Major Levin Handy purchased 357 acres (1.44 km2) of land outside of Salisbury in 1795 and began construction of this Federal-style building later that year. Due to lack of funds stemming from severe medical problems, Major Handy discontinued construction of the mansion and put it up for sale in 1803. In 1805, Dr. John D. Huston purchased the incomplete house and continued its construction. Sarah Huston, Dr. Huston's widow inherited the estate, which included eighteen enslaved people and $110. She sold some of the property for development in the late 1840s to early 1850s. In 1881, George Waller purchased the estate and his family lived there until 1945. In 1945, Fred A. Adkins purchased the property and renovated the house, modernizing it. In 1948, Mr. & Mrs. Ward A Garber purchased the estate. In 1970, Wicomico County purchased the estate and the mansion was placed in public trust in 1974 under the ownership of the City of Salisbury. In 1971, Poplar Hill Mansion was placed on the National Register of Historic Places.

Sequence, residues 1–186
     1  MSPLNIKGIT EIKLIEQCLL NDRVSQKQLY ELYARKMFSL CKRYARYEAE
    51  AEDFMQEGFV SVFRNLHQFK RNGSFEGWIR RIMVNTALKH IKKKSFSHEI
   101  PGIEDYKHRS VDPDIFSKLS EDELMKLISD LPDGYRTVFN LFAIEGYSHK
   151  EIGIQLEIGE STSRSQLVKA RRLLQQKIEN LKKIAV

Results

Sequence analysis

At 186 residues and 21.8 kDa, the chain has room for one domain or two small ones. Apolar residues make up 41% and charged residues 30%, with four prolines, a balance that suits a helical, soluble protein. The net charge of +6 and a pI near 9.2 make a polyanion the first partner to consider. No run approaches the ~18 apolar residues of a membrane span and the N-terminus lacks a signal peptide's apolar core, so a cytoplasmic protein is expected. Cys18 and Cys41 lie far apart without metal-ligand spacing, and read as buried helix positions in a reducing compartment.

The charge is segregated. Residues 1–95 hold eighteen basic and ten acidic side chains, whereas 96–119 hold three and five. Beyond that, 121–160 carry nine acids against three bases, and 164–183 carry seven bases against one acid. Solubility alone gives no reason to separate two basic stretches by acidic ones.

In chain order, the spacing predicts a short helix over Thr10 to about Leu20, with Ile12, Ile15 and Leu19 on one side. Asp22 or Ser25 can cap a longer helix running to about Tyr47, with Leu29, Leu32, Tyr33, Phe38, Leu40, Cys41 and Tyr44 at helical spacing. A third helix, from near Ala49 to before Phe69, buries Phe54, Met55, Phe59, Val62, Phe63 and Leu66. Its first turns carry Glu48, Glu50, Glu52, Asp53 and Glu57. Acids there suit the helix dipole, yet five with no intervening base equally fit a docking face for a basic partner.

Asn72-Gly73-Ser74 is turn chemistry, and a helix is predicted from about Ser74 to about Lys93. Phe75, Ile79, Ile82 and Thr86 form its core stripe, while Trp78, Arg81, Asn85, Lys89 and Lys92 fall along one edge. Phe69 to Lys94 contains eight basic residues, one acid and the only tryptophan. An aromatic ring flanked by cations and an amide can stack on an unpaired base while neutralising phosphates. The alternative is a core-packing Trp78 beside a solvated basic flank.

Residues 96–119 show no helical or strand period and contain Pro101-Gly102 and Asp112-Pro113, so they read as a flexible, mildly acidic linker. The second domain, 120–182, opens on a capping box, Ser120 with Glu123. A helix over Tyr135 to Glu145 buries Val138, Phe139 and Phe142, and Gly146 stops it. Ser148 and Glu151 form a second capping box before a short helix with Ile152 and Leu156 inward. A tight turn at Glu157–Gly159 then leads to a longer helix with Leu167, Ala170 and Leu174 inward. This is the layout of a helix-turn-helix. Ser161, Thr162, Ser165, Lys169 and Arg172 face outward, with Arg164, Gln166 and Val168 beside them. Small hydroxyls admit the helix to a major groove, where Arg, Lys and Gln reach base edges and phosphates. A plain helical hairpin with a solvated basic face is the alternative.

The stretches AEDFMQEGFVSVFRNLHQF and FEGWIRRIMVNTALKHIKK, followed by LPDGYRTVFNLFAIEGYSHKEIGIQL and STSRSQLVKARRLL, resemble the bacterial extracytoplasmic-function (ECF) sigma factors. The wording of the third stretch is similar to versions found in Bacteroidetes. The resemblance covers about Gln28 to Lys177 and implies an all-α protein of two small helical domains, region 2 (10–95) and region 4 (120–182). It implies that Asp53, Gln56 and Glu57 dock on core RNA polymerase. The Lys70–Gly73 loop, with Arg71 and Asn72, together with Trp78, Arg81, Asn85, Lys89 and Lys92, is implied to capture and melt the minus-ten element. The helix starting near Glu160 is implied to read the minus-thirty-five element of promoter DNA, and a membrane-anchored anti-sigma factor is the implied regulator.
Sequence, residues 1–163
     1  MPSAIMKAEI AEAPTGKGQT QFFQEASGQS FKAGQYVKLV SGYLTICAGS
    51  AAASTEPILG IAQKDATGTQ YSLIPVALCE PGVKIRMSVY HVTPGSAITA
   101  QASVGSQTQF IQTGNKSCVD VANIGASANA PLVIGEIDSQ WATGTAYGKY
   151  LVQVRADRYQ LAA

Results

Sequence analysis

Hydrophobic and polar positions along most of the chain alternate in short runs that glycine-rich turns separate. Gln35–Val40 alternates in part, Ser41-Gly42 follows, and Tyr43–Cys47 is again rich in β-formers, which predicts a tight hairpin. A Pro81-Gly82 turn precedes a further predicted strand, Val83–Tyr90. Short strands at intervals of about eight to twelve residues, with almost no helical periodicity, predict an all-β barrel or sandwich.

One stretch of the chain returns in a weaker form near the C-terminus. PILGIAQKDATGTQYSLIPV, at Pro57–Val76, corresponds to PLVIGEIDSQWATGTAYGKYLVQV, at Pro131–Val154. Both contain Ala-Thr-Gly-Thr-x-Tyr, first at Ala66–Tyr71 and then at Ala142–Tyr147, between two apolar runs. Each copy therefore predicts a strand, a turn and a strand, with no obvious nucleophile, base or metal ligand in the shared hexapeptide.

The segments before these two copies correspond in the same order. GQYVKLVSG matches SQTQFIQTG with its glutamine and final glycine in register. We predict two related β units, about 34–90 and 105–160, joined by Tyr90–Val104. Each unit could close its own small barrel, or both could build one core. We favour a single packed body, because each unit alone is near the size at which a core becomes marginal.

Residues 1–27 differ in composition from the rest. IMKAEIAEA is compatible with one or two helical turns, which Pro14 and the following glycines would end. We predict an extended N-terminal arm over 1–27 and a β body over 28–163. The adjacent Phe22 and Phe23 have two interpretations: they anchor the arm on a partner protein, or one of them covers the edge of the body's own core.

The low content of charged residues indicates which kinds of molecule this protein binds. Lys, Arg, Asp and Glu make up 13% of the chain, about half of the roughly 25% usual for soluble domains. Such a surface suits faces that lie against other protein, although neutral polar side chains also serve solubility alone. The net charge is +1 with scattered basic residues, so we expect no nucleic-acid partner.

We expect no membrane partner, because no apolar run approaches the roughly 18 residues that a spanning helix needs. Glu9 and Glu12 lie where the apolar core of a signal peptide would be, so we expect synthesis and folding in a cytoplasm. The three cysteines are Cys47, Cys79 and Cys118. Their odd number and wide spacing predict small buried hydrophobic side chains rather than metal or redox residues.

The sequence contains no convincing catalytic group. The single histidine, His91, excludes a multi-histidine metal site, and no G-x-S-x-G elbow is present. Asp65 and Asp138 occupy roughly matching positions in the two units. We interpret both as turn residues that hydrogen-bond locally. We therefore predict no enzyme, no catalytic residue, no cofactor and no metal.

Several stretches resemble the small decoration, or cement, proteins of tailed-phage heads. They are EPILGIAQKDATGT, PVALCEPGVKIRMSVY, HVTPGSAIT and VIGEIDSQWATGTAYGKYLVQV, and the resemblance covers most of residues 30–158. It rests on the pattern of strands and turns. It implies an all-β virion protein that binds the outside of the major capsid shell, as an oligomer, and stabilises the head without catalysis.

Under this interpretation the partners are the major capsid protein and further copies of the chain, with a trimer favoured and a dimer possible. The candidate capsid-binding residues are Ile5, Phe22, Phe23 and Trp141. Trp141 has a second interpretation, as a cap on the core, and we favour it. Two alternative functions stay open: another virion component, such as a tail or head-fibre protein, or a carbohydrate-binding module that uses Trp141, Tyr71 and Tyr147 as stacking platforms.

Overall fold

According to legend, a slave girl named Sara perished in the house after her dress caught on fire in the second floor rear bedroom during the Huston period. Since that time, there have been reports of a "consoling" spirit.